A Mastercard report from 2021 – ‘Striving to Thrive: The state of play for UK micro and small businesses’ from the Centre for Economics and Business Research (Cebr), highlighted a significant risk that the UK’s small and micro businesses could miss out on an estimated £827 billion growth opportunity over the next five years if they are not supported to digitise.
For your startup, the right technology can help you to manage your team properly, boost overall productivity, and ultimately get the most from every project, while saving time and money. Moreover, choosing the wrong tech stack could jeopardise your entire company’s success.
“How am I supposed to know which technology meets my business needs?”
Firstly, you need to make the distinction between the technology that can really help you grow your business and those cool emerging technologies that are more “nice to have” (especially for large corporations with more disposable budgets).
Here is what Sales for Startups recommend to the Seed to Series A startups we work with.
Find solutions for your individual pain points
The main purpose of technology is to help you to carry out tasks more efficiently and effectively. Talk to all members of your team and observe which tasks are performed successfully and which ones need to be improved.
Gain insights from customer feedback and find the gaps in their journey with you. Pay attention to competitor and industry trends but don’t solely focus on other businesses. This is about looking inward.
Identifying your company’s individual pain points can take some effort. While making assumptions is an easier way out, you need to know what your employees and customers are thinking to provide fitting solutions.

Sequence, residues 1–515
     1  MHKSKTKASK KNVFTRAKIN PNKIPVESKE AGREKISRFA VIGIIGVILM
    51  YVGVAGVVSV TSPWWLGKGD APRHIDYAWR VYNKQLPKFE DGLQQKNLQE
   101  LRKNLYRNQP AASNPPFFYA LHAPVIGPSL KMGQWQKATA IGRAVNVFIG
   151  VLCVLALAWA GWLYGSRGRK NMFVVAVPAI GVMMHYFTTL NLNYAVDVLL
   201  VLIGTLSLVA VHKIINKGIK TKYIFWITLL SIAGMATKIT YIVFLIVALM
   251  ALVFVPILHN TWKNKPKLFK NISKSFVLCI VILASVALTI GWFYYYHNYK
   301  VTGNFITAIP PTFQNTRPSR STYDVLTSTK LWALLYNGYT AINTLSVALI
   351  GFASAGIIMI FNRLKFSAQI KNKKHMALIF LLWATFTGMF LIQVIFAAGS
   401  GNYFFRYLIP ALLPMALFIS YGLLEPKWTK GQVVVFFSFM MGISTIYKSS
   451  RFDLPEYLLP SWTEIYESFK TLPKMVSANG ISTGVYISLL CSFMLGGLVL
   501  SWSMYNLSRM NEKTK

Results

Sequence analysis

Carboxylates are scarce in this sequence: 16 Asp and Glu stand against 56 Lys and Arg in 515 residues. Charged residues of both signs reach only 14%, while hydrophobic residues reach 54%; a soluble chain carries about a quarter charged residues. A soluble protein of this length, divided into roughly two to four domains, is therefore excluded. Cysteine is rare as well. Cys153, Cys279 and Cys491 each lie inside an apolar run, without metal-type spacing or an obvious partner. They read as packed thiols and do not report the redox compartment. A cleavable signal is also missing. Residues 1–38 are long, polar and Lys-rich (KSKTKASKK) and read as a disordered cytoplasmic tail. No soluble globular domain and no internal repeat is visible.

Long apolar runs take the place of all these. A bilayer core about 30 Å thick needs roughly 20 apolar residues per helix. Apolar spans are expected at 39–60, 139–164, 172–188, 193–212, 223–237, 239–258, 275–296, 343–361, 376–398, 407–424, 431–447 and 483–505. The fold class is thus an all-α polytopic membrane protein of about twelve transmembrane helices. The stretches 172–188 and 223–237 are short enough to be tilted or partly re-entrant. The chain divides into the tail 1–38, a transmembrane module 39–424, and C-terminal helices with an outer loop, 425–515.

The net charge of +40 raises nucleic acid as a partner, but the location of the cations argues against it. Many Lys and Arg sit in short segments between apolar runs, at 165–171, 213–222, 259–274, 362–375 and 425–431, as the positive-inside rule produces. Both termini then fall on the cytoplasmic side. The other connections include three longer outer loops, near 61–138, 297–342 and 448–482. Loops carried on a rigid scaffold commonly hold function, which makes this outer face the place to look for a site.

Understand the skills you have, and the ones you need
When we talk about skills we’re referring to both the skills of your team members and the skills of your existing tech stack. It can be more cost effective to implement new technology that can integrate with existing stacks when possible.
- Complete an employee performance review in order to identify skill gaps.
- Use this data to establish an employee strategy that incorporates training and development
- Commit to adapting and updating this strategy regularly as well as using it for recruiting.
This challenge is only growing as companies face increased competition for skilled workers in specific areas such as software development, cybersecurity and computer engineering.
Onboard and train your team
It’s human nature to be intimidated by new technologies and find the training quite daunting when we just want to get on with our roles. Prepare for some push back and expect a certain level of mistakes when implementing new technology into your startup.
Communicate with your employees to explain why you chose the technology, the benefits to them as individuals, as teams and company-wide. Explain how the new system works and which (if any) existing tech it replaces.
Most SaaS providers want to ensure you’re getting the most out of their technology and that it’s helping you to achieve your goals, so will probably offer support for onboarding but we would recommend you negotiate an ongoing training package and ask about access to their knowledge base.
Think about the future
While choosing the technology that supports your current pain points is important, you need to think about the longevity of your investment. Consider the impact of growth on your existing practices.
If employees are investing a lot of time managing repetitive tasks, how will this play out if you expand your operation or extend your customer reach?
Appoint a champion to be accountable when examining potential tech solutions with scalability in mind. Avoid blowing the budget on something overly sophisticated and currently unnecessary, it will likely be superseded by something better by the time you require it anyway.
Choosing the right technology for your startup requires you to have a clear understanding of your value proposition. You need to know your Plan A and Plan B budgets, complete a SWOT analysis and recognise your short and long term goals.
Ask your employees for opinions, consult specialists, trial tech solutions before you commit and go with ones that can support your startup’s growth.